Forgotten trove of fossil feathers belonged to tiny polar dinosaurs
Researchers have described ten fossil feathers from the polar regions of the former continent Gondwana for the first time. The collection, documented in a recent paper in Gondwana Research, contains a highly diverse array of feathers collected from the 118 million-year-old Koonwarra Fossil Bed in Victoria, Australia.
The paper describes what is potentially the earliest evidence of a flight feather, and the first-ever non-avian dinosaur feathers found within the Antarctic Circle. It also documents dark coloration and insulating branching structures on some of the feathers, providing valuable insight into how polar dinosaurs might have stayed warm during long, dark winters.
The fossils were initially discovered in the 1960s, but most of the technologies and knowledge used to understand the feathers described in this study didn’t yet exist at that point. Since then, they were tucked away in a drawer in the Melbourne Museum for decades, until lead author Martin Kundrát happened across an old paper in 2012 that described one of the feathers.
“It caught my attention immediately,” said Kundrát, a paleontologist at the University of Pavol Jozef Šafárik in Slovakia. “I would say the fossil feathers were waiting for me. It seems I was the first one who paid attention.”
An unlikely (re)discovery
In 1961, highway construction workers near the small Australian town of Koonwarra stumbled upon something unexpected: the fossilized remains of a Cretaceous lakebed. The lake had formed for just a few thousand years some 118 million years ago and would have been located farther south than Antarctica’s Ross Sea today.
It was nestled in a lush rift valley between the continents of Antarctica and Australia, surrounded by mountains covered in ferns, conifers, and ginkgo trees. The nearby forests were populated by small mammals, dinosaurs, and a giant crocodile-like amphibian called Koolasuchus. Plants and animals alike would have coped with “prolonged periods of polar darkness with winter freezing,” Kundrát said.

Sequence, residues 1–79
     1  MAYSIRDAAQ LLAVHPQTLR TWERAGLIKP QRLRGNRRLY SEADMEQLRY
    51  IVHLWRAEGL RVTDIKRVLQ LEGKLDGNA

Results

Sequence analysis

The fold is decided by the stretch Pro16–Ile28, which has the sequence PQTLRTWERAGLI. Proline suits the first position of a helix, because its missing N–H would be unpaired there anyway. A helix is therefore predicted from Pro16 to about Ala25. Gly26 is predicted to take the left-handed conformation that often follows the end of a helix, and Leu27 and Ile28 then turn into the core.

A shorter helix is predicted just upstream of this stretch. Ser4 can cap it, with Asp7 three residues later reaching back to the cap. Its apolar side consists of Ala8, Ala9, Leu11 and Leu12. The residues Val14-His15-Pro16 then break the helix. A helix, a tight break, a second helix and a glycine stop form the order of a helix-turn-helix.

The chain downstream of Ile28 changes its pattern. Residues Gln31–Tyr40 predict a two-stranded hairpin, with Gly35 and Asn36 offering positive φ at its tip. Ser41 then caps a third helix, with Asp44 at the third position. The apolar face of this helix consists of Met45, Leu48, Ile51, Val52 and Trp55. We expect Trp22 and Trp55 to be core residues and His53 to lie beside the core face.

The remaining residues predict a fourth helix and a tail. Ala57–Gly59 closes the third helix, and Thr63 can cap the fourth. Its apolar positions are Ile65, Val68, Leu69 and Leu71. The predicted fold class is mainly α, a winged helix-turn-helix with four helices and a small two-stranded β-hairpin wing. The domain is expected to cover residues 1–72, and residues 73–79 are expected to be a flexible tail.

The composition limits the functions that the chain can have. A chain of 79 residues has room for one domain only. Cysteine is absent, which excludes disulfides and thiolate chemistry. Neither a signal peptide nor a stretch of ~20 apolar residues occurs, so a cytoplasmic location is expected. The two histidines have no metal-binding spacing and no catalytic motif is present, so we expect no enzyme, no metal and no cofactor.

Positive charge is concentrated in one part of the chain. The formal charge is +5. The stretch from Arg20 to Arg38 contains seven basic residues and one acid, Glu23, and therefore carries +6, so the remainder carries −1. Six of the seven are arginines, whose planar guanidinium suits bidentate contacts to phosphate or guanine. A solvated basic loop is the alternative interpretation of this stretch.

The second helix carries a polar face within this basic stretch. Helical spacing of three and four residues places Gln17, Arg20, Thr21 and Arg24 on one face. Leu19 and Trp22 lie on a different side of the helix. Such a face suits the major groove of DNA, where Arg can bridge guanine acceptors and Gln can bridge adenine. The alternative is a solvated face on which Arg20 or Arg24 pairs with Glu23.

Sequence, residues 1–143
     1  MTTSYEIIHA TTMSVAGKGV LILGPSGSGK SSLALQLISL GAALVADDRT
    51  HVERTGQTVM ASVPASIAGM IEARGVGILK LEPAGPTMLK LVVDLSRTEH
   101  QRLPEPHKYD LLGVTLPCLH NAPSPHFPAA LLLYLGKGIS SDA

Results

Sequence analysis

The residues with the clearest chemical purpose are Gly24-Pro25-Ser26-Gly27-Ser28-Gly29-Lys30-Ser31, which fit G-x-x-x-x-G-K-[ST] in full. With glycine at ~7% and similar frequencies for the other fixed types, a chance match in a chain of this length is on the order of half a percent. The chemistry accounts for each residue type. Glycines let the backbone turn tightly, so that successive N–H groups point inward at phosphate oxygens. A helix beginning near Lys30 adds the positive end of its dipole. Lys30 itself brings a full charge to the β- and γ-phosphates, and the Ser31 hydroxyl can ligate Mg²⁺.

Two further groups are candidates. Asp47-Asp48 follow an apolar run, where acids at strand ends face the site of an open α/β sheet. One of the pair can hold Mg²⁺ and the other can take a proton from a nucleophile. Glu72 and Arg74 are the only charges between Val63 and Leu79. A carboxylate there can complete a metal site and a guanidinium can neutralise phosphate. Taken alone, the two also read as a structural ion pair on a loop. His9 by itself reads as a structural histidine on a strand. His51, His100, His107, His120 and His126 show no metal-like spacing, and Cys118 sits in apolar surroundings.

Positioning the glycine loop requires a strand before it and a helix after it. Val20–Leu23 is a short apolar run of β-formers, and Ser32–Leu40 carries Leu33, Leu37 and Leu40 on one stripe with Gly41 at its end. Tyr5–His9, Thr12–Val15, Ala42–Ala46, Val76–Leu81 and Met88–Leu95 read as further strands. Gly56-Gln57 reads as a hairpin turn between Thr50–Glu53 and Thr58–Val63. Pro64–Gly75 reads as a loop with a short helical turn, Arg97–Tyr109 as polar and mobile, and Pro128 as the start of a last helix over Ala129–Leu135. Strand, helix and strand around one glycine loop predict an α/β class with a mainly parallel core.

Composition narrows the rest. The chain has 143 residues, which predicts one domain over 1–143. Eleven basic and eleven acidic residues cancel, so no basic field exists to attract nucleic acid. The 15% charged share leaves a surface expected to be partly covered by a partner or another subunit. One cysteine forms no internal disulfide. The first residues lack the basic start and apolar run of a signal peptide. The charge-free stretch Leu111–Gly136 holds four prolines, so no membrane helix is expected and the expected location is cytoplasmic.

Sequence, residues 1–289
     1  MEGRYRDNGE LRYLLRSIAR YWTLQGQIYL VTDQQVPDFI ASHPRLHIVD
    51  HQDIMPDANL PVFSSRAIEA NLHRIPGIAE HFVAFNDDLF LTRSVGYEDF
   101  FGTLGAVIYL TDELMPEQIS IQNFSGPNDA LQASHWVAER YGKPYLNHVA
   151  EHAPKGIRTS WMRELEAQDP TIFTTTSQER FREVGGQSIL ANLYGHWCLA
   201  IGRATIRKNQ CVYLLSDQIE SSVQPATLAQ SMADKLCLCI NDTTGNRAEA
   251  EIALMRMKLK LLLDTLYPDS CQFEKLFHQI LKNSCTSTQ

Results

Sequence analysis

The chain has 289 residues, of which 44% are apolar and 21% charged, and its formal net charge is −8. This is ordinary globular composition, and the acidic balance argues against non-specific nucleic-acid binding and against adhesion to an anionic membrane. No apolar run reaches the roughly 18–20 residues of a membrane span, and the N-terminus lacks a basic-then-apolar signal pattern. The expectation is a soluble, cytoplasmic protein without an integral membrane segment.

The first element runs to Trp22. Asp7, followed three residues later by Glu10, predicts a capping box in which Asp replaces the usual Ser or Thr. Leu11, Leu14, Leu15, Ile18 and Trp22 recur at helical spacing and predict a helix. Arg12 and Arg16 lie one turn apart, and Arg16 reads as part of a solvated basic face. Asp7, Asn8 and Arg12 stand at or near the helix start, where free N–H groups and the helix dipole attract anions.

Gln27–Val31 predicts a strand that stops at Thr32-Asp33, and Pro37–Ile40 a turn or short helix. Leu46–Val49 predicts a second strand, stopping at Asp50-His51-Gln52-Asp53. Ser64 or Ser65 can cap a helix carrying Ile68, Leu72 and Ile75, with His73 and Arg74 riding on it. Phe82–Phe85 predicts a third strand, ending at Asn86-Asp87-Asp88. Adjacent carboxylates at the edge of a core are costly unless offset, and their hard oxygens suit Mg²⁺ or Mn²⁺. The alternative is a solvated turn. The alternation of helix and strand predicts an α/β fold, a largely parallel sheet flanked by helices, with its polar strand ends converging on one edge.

The first two fossil feathers found at the site were unearthed soon after its discovery in 1962. One of these was tufted, like a tiny feather duster. Over the next two decades several more feathers were discovered, but interest in the Koonwarra Fossil Bed waned in the 1980s after it failed to turn up many fossil bones. Luckily, the little collection of feathers survived, tucked away in a museum archive.
In the meantime, the field of paleontology was changing. The first feathered non-avian dinosaur fossil was discovered in China in 1996, and China became a hotbed of feathered dinosaur research. In 2010 came another breakthrough—researchers discovered that some fossil feathers contained microscopic evidence of their former color in the form of specialized organelles called “melanosomes.”
Since then, techniques for interpreting microscopic detail preserved in soft tissue fossils have become more and more refined. “Technology to analyze and study different aspects of fossils is always advancing,” said Lisa Buckley, a vertebrate paleontologist who specializes in Cretaceous trace fossils. “The specimens stored in archives of the past are the basis for discoveries of the future.”
So when Kundrát happened across a decades-old paper mentioning a fossil feather in Australia, he knew he had to track it down. “My curiosity was well paid off by getting access to these fantastic forgotten specimens,” he said.
A detective in a micro-paleo world